ForPurpose Banner x charter point transp 1 cbnI’ve been working with For Purpose organisations for the past 10 years and I have seen many changes and challenges over that time. However over the last 18 months the pace, significant nature and impact of change has been quite surprising. A quick review of what other For Purpose and NFPs are experiencing clearly demonstrates that I’m not alone in thinking this. As of December 2018, there were 56, 650 registered charities and over 550,000 Not for Profit organisations in Australia – those that think that the status quo will remain in place, need to think again. 

These are just some of the key challenges and opportunities we will all be facing in 2019:

1. Funding:

Funding and sustainability will always be the number one priority, but as the traditional forms of funding (such as donations) continue to dry up, where to next? Do you have income generating activities? How do you put strategies in place without the correct governance or staffing?

2. Clarity of Purpose:

This tells your members, supporters and target audience why you exist, what you do and why you do it. But it should also set success measures and how you as an organisation perform against those. These measures will become more pertinent for government and corporates when making decisions about who to support with potential funding. Having a board that can clearly set strategic objectives in a rapidly changing environment, articulate and communicate that message and identify potential support and funding partnerships will be increasingly important.

3. Staffing and HR Management:

The competition to engage and retain good staff continues to hot up. Experienced people are highly sought after and are moving around more often, while new younger recruits have very different expectations of what the work experience should be. The one size fits all model of employment no longer works and there will be an increase in contractors, freelancers and interns working alongside full time staff and the ever decreasing pool of volunteers. This will put more pressure on HR staff, systems and the overall strategic direction and planning for organisations. However, it will also provide an opportunity to think more creatively about partnership and back end administration operations.

4. Corporate governance:

There are a number of trends that boards should be looking at to stay ahead of the challenges:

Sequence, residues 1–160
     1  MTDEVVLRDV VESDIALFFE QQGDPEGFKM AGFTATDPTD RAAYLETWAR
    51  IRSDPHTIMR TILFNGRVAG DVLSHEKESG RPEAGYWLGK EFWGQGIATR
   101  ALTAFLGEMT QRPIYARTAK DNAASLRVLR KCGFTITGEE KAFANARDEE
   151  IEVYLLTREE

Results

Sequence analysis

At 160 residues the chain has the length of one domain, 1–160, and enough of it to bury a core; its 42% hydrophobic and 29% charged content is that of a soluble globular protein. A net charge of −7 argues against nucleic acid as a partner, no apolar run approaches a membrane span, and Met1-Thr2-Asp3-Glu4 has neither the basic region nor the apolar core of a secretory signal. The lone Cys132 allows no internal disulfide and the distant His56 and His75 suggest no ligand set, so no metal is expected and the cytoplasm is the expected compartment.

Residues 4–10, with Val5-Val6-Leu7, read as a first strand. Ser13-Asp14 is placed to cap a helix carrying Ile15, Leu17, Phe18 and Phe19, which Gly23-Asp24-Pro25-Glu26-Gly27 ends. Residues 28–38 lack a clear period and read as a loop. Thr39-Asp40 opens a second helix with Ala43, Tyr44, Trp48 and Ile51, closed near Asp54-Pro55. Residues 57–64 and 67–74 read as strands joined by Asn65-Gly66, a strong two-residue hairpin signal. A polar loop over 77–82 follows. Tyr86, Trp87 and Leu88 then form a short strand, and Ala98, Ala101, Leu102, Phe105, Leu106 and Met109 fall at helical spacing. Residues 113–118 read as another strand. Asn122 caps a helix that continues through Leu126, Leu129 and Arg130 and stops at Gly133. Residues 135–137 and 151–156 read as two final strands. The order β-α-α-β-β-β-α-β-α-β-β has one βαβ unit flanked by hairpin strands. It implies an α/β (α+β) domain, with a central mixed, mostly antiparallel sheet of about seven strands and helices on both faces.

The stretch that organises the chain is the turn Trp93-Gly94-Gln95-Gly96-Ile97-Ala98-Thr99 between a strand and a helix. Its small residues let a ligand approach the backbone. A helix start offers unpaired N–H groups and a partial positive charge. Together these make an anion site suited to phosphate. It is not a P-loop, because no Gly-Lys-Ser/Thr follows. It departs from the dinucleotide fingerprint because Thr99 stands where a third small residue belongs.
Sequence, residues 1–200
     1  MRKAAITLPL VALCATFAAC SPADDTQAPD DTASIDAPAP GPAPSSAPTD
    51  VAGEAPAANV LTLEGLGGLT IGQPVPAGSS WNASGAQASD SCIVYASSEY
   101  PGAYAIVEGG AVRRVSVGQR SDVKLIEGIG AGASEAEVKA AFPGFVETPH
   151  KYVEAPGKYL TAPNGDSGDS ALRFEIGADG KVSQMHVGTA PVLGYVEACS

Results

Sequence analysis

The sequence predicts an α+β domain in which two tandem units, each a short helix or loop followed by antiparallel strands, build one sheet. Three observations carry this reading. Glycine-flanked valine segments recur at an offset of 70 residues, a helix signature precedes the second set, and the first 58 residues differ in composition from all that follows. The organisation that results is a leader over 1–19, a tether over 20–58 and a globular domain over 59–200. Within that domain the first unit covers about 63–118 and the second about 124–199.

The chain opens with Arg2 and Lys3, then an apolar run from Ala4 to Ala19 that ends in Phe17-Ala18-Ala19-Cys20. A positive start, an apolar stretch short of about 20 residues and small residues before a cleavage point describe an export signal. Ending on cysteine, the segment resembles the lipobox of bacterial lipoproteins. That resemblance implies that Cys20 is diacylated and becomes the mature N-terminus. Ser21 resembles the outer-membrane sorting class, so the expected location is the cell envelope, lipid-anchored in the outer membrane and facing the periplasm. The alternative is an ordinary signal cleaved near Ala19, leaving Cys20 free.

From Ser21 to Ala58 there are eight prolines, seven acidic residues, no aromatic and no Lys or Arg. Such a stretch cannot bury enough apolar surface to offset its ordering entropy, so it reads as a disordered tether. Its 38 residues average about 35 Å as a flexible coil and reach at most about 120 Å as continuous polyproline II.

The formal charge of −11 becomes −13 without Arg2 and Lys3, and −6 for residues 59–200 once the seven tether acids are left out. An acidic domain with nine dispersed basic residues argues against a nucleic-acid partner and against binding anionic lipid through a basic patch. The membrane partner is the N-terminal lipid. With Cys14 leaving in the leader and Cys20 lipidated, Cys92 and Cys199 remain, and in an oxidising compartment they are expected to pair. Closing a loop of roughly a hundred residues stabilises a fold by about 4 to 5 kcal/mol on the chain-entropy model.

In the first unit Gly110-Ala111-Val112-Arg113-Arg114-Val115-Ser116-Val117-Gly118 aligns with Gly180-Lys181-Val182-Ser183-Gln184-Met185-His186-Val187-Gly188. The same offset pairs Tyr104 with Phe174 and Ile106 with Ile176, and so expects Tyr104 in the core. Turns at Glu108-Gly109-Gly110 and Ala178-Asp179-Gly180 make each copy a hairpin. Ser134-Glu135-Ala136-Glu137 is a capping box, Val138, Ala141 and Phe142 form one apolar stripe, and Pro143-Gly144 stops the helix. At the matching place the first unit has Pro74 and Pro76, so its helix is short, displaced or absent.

· Diversity; and this is not just in relation to gender, but also skills and the ability to adapt to changing demands from members and regulators.

· Environmental and social governance and the impact of activities on these key economic measures will also be important.

· Innovation is a bit of a buzzword, but the uptake of technology to improve processes and manage costs is something to consider. Can partnerships improve the ability to use technology and organisational reach?

· Crisis management is not something anyone likes to deal with, but living in a 24/7 world where people can voice their opinions on a number of social platforms anytime and anywhere, means risk management is becoming a much bigger priority.

· Succession planning to deal with a changing environment. Board members are generally involved because they are passionate about a cause, but as the economics become tougher sometimes passion isn’t enough.

5. Communications:

Success and sustainability is based on relationships, trust and an emotional connection with your support base. Communicating your organisations story through relevant channels and by using stories that are focused will be essential. The simple message of ‘we are here to help’ is no longer strong enough to have your voice heard over the many other NFP and For Purpose organisations you are competing with. Additionally there are now multiple channels you now need to communicate through.

Times are changing, but it as a time of great opportunity for those organisations with a strong, skilled and focused board and management team, who are prepared to look at options outside the norm to make their organisations stronger and even more relevant to those they service.

About Lighthouse Business Innovation Centre
Lighthouse has a strong track record of supporting entrepreneurs, researchers and inventers on the path from concept to commercialisation. Since July 2008, Lighthouse has worked with over 990 distinct enterprises and provided group and peer based services to over 3400 enterprises and individuals. For over five years Lighthouse has successfully delivered business advice, education, mentorship and networking opportunities to help these businesses commercialise their ideas and grow their companies. Lighthouse also delivers programs such as the ACT Microcredit Program for the ACT Government. Visit for more information.


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